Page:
Hard times leading to backlash on utility

Friday, August 26, 2011

Nearly 500 people could soon get water service because of two Marshall County pipeline projects with a combined cost of almost $2.12 million, the utility's superintendent said this week.

However, the Marshall County Public Utility District is finding itself in a quandary, Superintendent Tommy Whaley said Tuesday afternoon as federal officials were inspecting records for one of the projects.

"We've not been able to sell as many taps as we've been petitioned for," Whaley said of the project funded with a Community Development Block Grant (CDBG) from the U.S. Department of Housing and Urban Development (HUD).

Several years ago, county residents asked that water pipes be extended to where they live, but to proceed, utility system leaders must feel as though they'll be extending pipes to people who will pay for taps. Now, some folks can't afford to buy water taps.

"They lost their job, had to buy groceries, had to buy clothes," Whaley said of families that want water and would be served if they pay a tap fee. "It's not any one thing," Whaley said of the reasons he's received.

He'd been asked to cite a typical situation stopping the residents from going beyond payment of a $100 deposit months ago.

As for the price of the tap, he said, "We're holding it to $1,600 because they petitioned before..."

The applicable water tap fee increased to $2,000 after residents on the CDBG-funded water line project filed their petition. If too much time passes under the parameters of this project, then the utility must charge the $2,000 fee instead of $1,600, Whaley said.

"We've sent out letters this month saying that we'll be needing the tap fee," he said. Current customers and those who want to be customers of Marshall County Board of Public Utilities' water service are "working class people."

Whaley hopes the problem does not crop up when it's time for residents to tap onto the pipeline that was the subject of a preconstruction conference on Thursday.

Here's an overview of the two projects.

The project with construction that's about to begin "came in a few dollars cheaper than the CDBG project," the superintendent said.

That's "simply because the CDBG brings in the Davis-Bacon Act," he explained. That 1931 act of Congress requires wage payments to laborers at a dollar amount that's calculated through a formula to find the prevailing hourly wage in the area where federal money is being spent on a public works project.

However, Whaley sees the wages to be paid under the federal requirement as "maybe 10-15 percent higher than what you see in the general labor market" in Marshall County.

Hawkins & Price was hired for the so-called Highway 99 project. The Wartrace-based construction contractor will be following pipeline plans as designed by James C. Hailey & Co., Nashville. Hailey's representative was conferring with Hawkins & Price Thursday.

Pipe is to be laid generally west of Chapel Hill along Highway 99 and Pyles Road, as well as along Ball Lane and Harber Road to the south of Chapel Hill. The pipelines will, together, be about 7.5 miles long.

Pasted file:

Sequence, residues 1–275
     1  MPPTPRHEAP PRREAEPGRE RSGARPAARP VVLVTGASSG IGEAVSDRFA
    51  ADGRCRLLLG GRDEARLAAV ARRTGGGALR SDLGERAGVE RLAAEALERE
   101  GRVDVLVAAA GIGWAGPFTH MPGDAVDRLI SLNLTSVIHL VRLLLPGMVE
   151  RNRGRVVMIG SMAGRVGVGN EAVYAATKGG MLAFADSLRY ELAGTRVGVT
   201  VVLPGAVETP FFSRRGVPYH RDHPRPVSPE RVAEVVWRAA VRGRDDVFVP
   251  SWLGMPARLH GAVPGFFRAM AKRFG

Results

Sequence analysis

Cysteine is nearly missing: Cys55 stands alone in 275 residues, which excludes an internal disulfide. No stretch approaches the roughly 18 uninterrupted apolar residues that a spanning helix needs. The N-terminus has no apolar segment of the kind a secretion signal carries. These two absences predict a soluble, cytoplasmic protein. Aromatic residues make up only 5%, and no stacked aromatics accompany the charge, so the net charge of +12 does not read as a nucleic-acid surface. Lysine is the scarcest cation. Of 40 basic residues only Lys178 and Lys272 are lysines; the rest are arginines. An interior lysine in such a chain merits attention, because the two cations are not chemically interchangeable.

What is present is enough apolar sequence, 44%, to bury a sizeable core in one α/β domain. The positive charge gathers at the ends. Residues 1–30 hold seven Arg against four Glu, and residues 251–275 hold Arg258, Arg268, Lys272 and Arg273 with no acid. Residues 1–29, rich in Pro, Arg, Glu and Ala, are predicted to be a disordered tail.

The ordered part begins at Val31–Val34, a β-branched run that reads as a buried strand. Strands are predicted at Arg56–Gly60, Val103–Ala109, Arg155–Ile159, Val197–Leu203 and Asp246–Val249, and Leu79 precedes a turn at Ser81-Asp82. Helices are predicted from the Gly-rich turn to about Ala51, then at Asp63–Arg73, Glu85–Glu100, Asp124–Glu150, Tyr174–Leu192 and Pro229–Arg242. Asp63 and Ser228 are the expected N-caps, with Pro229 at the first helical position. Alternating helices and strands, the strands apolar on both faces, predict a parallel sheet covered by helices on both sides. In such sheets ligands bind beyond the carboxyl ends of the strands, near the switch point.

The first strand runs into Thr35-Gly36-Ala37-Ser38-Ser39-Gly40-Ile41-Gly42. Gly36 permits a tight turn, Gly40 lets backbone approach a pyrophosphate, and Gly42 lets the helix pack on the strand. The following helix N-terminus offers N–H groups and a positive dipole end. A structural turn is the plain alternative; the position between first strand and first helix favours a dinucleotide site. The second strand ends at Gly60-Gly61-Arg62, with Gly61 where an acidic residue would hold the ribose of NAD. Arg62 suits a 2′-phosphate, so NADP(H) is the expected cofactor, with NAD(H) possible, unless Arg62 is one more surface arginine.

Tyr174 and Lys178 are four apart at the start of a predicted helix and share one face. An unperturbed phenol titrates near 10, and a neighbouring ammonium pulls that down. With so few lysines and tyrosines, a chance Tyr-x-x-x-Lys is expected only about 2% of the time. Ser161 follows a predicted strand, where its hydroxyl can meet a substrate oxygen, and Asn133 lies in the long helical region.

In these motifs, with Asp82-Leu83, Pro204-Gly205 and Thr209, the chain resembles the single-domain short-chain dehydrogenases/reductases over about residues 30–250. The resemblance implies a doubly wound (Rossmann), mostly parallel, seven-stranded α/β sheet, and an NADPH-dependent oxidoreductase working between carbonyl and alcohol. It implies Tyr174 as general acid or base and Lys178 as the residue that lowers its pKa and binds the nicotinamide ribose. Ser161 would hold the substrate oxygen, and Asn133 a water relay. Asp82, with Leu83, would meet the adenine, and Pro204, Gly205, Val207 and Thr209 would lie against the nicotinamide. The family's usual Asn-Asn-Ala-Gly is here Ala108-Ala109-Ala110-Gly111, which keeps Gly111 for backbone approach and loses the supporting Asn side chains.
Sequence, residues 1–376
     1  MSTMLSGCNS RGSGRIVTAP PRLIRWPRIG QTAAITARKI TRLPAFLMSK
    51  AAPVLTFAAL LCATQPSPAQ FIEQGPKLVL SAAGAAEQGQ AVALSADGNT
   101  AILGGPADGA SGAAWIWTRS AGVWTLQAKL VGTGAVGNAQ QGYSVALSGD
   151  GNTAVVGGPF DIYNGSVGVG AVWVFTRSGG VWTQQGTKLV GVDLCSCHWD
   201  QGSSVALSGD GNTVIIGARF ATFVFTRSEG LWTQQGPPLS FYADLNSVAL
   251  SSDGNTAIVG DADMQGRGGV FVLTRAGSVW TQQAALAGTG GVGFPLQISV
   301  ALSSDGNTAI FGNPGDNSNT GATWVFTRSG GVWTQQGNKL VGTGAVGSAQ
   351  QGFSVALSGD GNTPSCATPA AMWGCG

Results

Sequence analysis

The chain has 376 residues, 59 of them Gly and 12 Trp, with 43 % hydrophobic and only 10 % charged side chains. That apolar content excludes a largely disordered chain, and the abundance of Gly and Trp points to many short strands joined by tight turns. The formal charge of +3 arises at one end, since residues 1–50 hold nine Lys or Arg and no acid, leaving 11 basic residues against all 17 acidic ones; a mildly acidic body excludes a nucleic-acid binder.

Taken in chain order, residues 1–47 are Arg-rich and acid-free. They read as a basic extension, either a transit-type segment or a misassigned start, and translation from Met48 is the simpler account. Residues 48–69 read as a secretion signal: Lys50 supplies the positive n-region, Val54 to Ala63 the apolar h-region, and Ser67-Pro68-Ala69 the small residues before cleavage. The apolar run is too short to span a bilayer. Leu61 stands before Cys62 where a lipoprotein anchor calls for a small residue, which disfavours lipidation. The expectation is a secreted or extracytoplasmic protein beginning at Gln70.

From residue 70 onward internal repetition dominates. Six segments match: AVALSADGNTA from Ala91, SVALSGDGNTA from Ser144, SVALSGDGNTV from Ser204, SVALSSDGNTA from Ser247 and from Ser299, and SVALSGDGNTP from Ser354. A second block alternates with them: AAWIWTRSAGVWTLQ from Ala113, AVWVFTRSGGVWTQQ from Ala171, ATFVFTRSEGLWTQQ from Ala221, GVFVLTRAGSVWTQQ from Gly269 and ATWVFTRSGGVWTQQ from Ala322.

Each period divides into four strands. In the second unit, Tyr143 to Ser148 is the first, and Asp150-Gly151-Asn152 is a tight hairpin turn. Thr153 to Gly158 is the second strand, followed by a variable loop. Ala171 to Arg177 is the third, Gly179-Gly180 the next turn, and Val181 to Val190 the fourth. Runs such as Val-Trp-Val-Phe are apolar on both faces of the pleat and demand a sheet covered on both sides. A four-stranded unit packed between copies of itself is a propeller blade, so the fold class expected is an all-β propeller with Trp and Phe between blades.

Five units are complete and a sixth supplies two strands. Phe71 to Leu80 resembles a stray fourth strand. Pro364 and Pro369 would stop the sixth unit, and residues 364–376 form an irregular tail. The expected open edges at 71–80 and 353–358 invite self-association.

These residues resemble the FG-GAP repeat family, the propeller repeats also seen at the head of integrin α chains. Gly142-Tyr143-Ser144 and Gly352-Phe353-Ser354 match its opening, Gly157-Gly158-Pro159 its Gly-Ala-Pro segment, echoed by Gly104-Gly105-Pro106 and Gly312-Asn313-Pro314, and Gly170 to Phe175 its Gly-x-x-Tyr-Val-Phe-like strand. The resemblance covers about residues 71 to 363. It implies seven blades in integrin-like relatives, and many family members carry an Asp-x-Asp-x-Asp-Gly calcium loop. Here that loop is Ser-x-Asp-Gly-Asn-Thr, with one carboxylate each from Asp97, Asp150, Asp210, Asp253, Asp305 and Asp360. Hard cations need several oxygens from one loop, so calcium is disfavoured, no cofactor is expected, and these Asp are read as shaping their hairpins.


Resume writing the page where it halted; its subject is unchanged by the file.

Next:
The engineer's cost estimate was at about $1.6 million, but the best bid was $929,828.20

Nearly 100 residences could be served by this pipeline, Whaley said. That's about 250 people, assuming an average household of 2-3 people.

Easements have been obtained already. That's a critical part of such projects and, if necessary, utilities can exercise their power of eminent domain, allowing a government taking of a utility right of way because a value would be set by the Chancery Court.

Construction for the Highway 99 project is expected to take a year.

The money is from the Rural Development offices of the U.S. Department of Agriculture.

The CDBG-funded project is frequently referred to as the Milltown project, largely because of the location on Milltown, McLean, Reynolds and Wilson School roads, and Anderson Lane in the vicinity of Milltown.

There are to be about nine miles of pipe installed by McMillan Construction of Franklin, the contractor.

A $103,000 grant from USDA's Rural Development office is combined with $500,000 from HUD and MCBPU is paying the balance of $585,254 of the project's cost of $1,188,254.

MCBPU is also planning to extend water service to the Clay Hill community near where wells became polluted with livestock waste.

"I've got a couple of issues that I'd like to get worked out" before construction starts, Whaley said. The most basic is where the pipeline should be installed. He's considering three routes.

Along Warner Road, the utility could offer water service to residents between Clay Hill and a water main. Furthermore, the terrain is not as rocky.

Clay Hill Road is another avenue toward the several homes with polluted wells, but it is a "very challenging road ... with bad rock and crevices," which increase costs, and there are fewer homes to serve along the way from a water main.

Starting the pipeline at Mt. Lebanon Road "will require us to upgrade water lines" and a couple of prospective customers might be served," Whaley said.